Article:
A winter on the road in the working wild

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The Q Ranch, Wyoming. Photo by Carrie Olsen.

Following Easter weekend, a traditional marker of the onset of spring (despite an Easter high of 27 degrees), I find myself with a moment of quiet, due to our current social distancing policies, to reflect on my first winter with Western Landowners Alliance. Calving season is now upon us across the Northern Rockies, and words like afterbirth and prolapse are a part of the vernacular in these parts (another sign of spring). But these words are exotic, even frightening, to the vast majority of the public. It is a reminder that less than two percent of Americans now work in agriculture, and even fewer directly in animal husbandry. How can we communicate our challenges across this divide?

Connecting with producers

As the Working Wild Challenge program coordinator, I am tasked with, in part, convening seven “roadshow” events in communities across the Northern Rockies where ranching amidst conflict-causing wildlife – grizzly bears, wolves, and elk – is creating economic challenges to already marginal businesses. The goals of these events are to promote peer-to-peer learning across geographically isolated communities and facilitate landowner-led discussions with local stakeholders to bring additional resources into communities. We want to address the local challenges of working lands in wild places.

This winter, WLA held the first two of these events. We started in Alder, Montana, in partnership with the Ruby Valley Strategic Alliance and Madison Valley Ranchlands Group. The second was a “Ranching with Grizzlies” seminar hosted by the Blackfeet Nation Stock Growers Association. I also coordinated a landowner listening session in my own neighborhood of Cody, Wyoming. It has been a privilege to glimpse and, in some cases, take a deep dive into local community dynamics that impact how livestock producers approach maintaining their livelihoods while living among wildlife that are a part of the fabric of these communities yet reduce the profitability in businesses where unpredictable events like the weather highly influence profit margins.

Overwintering on the road

That’s why, shortly after the new year, I found myself driving from the Ranching with Grizzlies seminar in Choteau, Montana across Blackfeet Nation tribal lands through a driving snowstorm where the only light on the landscape came from my headlights reflecting on falling snow. I drove into the Great White North where the Communities and Carnivores Committee of the Waterton Biosphere Reserve was hosting a community meeting. I awoke the next morning in Cardston, Alberta, where just out of town the white of snowy pastures merged into the white of the clouded sky with the only separation between the two – cattle – black specs in the distance. A few days later, I was on the road again, this time to Sheridan, Montana to meet with the Ruby Valley Strategic Alliance for their first monthly meeting of 2020.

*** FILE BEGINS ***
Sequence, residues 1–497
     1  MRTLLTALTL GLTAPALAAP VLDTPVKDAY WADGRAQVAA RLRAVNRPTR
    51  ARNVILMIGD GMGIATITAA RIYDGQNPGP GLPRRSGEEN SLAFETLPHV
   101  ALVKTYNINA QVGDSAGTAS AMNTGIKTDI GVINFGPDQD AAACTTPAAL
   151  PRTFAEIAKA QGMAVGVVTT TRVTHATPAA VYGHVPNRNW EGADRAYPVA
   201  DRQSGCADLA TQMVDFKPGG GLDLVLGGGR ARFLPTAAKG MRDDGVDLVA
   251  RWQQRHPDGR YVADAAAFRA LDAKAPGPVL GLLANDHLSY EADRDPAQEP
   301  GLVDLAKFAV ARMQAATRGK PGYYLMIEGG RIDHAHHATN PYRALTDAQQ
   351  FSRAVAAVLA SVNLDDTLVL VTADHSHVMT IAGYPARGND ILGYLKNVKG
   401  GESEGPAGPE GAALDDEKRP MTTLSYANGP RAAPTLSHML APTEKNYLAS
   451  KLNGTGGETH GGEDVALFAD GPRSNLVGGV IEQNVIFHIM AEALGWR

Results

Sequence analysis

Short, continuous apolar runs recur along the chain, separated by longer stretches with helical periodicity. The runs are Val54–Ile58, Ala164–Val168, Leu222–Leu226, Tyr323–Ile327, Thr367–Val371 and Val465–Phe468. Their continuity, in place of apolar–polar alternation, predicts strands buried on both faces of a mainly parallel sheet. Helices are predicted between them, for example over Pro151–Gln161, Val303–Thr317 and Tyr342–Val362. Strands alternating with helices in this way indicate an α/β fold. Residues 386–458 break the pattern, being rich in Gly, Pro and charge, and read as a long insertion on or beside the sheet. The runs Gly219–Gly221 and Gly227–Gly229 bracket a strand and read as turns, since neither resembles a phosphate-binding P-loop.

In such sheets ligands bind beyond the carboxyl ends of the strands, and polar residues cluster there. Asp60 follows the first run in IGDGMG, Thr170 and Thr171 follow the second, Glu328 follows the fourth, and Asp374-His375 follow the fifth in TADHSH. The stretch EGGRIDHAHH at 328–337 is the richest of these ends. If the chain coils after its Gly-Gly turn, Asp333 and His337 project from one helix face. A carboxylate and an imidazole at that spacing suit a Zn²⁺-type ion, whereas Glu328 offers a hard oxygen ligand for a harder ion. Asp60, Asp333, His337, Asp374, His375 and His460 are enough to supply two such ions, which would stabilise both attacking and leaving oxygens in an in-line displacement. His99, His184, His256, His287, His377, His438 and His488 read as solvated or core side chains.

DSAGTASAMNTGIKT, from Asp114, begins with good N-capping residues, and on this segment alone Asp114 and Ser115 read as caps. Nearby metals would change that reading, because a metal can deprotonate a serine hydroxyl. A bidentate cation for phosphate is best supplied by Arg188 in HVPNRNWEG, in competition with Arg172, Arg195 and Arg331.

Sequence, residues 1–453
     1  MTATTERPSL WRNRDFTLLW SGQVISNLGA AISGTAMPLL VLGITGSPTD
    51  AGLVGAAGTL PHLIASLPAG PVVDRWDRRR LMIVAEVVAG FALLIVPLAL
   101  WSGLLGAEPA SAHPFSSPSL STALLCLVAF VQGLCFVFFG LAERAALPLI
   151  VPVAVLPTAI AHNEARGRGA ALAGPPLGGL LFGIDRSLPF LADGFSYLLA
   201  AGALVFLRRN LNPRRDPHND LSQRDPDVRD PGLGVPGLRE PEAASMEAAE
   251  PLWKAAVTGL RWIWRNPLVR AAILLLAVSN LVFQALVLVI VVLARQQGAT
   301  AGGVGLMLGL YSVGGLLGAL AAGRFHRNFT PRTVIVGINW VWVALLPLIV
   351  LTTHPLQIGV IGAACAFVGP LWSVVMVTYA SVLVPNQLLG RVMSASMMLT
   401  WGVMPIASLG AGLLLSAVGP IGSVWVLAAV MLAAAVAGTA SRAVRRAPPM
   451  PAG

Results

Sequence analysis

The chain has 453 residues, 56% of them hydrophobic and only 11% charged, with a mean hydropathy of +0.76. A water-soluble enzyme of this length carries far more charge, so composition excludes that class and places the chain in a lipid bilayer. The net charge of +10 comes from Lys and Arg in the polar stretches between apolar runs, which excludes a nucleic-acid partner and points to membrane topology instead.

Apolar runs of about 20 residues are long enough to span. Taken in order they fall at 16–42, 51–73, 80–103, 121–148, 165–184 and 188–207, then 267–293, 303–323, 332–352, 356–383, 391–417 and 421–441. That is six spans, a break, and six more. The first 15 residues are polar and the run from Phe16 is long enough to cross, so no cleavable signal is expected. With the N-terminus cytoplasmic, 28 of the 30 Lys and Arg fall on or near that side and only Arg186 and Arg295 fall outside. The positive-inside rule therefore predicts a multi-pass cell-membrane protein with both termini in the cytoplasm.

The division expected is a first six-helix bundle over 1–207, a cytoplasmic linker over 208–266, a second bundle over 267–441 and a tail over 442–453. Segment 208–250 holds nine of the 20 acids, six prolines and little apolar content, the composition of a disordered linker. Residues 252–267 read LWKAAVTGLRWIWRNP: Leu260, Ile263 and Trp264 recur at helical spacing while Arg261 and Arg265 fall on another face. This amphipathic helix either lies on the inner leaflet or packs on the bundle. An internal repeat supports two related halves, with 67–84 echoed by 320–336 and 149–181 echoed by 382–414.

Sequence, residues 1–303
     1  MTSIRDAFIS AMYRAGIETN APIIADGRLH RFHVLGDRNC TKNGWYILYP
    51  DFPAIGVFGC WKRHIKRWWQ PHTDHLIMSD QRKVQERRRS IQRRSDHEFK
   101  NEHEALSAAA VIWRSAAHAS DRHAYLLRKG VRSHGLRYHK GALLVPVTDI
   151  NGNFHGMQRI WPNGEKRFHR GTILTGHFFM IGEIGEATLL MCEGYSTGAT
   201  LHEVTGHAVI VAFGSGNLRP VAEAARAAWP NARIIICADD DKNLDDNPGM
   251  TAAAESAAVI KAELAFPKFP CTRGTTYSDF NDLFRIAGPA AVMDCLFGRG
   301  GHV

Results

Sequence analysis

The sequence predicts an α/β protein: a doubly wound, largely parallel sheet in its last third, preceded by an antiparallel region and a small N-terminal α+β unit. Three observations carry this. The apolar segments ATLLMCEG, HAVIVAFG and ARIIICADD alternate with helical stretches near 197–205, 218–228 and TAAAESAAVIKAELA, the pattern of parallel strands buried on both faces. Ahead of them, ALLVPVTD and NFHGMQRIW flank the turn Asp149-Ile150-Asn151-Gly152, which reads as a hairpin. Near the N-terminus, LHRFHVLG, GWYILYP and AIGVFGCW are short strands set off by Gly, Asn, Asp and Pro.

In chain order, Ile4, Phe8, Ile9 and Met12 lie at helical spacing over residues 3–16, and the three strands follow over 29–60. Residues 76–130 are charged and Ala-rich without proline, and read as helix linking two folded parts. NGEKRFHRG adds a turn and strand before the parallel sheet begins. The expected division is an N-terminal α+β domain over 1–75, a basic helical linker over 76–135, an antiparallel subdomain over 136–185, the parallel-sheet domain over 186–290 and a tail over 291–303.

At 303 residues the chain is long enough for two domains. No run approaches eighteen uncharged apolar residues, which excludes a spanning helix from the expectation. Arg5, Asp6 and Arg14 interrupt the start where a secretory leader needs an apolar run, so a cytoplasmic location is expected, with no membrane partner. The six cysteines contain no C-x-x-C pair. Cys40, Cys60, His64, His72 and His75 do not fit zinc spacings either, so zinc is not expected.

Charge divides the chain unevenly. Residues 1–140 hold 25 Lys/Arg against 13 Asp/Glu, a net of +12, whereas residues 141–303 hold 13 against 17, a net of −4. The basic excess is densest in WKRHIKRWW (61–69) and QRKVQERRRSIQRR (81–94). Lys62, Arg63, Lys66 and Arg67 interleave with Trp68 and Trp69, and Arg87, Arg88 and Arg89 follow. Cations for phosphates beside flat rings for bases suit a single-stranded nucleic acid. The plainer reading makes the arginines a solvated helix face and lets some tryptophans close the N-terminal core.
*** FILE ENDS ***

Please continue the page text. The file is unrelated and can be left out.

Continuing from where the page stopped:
The landscape in each of these communities is dominated by open space and cattle, but each has unique history, experiences, and practices that make a one-size-fits all solution to livestock-wildlife conflicts impractical. While each community has a slightly different cultural approach to ranching with wildlife, particularly grizzly bears, each is showing their resilience. The landscape of the West demands resilience from its inhabitants. On the long drive back to my home, a small, first generation family farm, in Powell, Wyoming, I pondered how we can support resilience in communities across the West facing challenges of working in increasingly wild landscapes.

Difficulty Creek Ranch in midwinter. Photo by Carrie Olsen.

Respect and understanding

Easy answers are absent on this topic, but I am inspired by the voices in these rural western communities to tell the story of stewarding the land. Through our roadshow events and listening sessions we have heard a call to “bridge the rural-urban divide.” Respect for working lands stewards, who carry significant responsibility in maintaining habitat for wildlife, is critical to find solutions to the challenges of ranching amidst grizzly bears, wolves and elk. Look for stewardship stories telling the challenge of working in wild landscapes in the upcoming inaugural issue of On Land, a new magazine from the Western Landowners Alliance, and the voice of stewardship in the American West.

Rangeland monitoring – why to monitor and resources to get you started

The value of monitoring land attributes are generally known among land stewards. The greatest value is in gaining an understanding of the soils, plants and animals you manage, documenting that information and then using that information to guide future decisions.

We’re in this together

At Western Landowners Alliance, we respect land as a living community that includes both people and wildlife. Today, the movement for racial justice underscores more than ever that we are one people on a finite planet. Our care for one another and our care for the land go hand in hand. The impulses that lead people to abuse others are the same impulses that lead to abuse of land and natural resources. Yet we also have the capacity to create systems, cultures and relationships that curtail injustice, generate healing and bring forward the better aspects of our nature. There has never been a more important time to do so.

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